Over 17 per cent of the UK population between the ages of 18 and 52 have a criminal conviction, and they have found themselves with a largely negative reputation amongst bosses who are averse to hiring ex-offenders.
It’s suffice to say that the odds are stacked against them, especially when conviction history remains one of the few areas where bosses can legally discriminate.
Given the number of people with criminal records though, it’s no longer an issue we can turn a blind eye to – there’s a pool of untapped people in prison who may have the skills you so desperately seek. And if we’re to close that productivity gap and keep a lid on mental health then it will mean employing more people than before – and we mean those most bosses don’t like to talk about hiring.
Not only will you be raising your corporate responsibility in the eyes of the public, you’ll be making a huge difference to the economy – solving the mysterious link between employment rates and crime levels. In fact, champion Richard Branson claimed 70 per cent of those leaving prison re-offend within 12 months as they’re unable to find a job.
This was a figure he cited in a letter to the Financial Times. “Having a conviction is undoubtedly a major handicap for a job seeker, and UK companies are often reluctant to provide the second chance prison leavers need. From experience, people from prison, if properly selected, will prove to be just as reliable as recruits who come from elsewhere,” he explained.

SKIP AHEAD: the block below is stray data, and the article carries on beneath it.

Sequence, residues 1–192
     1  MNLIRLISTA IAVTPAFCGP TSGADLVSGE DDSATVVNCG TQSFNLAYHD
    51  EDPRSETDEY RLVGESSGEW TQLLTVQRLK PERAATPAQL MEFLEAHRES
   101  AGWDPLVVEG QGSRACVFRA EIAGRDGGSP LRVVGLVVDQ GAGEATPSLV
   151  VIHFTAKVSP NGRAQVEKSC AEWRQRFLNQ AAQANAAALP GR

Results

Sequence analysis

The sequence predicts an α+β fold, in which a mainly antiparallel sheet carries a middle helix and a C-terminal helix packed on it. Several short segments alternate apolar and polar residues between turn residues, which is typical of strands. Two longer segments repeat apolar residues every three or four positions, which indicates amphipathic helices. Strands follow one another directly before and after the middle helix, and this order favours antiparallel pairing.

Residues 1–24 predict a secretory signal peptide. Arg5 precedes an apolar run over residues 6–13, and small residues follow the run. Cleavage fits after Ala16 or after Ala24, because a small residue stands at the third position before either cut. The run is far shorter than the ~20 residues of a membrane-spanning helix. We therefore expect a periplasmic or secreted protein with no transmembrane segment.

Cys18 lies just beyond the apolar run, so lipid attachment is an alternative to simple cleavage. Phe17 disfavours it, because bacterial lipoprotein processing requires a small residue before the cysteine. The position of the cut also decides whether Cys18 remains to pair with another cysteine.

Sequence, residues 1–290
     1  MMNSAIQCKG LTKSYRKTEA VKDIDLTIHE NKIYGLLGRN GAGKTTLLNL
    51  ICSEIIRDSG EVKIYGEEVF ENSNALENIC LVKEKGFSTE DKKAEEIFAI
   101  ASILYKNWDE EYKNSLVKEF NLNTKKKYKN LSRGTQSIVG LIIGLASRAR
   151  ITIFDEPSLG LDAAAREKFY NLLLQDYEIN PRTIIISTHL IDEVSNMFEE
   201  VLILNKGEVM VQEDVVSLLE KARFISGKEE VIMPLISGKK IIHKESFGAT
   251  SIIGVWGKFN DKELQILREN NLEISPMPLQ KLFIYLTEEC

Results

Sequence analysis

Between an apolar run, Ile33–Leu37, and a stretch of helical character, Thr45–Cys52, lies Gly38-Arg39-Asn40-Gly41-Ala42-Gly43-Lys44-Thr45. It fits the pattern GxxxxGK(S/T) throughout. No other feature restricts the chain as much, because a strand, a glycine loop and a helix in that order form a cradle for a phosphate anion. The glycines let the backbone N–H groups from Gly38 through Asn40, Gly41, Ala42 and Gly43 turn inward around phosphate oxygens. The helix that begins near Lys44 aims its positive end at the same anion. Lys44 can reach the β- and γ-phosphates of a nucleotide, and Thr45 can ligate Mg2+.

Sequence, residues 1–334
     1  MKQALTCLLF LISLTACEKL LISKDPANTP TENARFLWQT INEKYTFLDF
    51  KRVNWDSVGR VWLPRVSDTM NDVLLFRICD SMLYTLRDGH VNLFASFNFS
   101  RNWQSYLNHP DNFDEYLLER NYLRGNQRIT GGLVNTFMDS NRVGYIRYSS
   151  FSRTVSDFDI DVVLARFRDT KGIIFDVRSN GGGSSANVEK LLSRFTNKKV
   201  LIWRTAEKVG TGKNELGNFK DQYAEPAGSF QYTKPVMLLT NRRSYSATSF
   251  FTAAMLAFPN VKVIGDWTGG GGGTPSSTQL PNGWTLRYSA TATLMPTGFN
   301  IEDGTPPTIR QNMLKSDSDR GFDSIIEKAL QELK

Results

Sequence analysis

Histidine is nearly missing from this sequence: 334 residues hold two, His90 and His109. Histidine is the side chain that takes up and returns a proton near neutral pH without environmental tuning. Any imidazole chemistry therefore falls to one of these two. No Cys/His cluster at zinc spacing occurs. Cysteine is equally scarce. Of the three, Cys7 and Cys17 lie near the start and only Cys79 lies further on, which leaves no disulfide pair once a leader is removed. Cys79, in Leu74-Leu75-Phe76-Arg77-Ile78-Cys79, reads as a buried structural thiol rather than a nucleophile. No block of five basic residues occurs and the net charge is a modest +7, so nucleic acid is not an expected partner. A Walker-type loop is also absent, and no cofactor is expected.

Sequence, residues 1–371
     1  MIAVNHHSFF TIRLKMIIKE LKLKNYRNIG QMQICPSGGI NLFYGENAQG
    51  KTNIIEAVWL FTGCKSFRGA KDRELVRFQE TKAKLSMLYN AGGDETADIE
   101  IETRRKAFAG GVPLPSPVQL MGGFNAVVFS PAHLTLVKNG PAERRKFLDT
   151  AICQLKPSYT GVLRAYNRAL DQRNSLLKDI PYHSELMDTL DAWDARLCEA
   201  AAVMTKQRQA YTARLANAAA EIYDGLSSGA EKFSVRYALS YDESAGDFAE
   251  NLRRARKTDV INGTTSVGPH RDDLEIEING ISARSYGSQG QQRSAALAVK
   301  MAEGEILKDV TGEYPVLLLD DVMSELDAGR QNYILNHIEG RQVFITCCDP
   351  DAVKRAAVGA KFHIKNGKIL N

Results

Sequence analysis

“It is their personality that matters most. With the prison population being 84,000 there is a large number of superstars who get ignored by bosses because of their record. It makes sense to recruit these individuals and to make use of their skills and enthusiasm.”
Nonetheless, hiring ex-offenders is still something of a taboo issue. A 2013 survey by Business in the Community found less than half of business leaders would think of interviewing someone with a criminal record. At the same time, 80 per cent of respondents agreed people coming out of prison should be given a second chance. That’s a bit of a dilemma.
Find out how the cost of reoffending is equal to putting on the Olympics every year.Image:ShutterstockBy Shané Schutte
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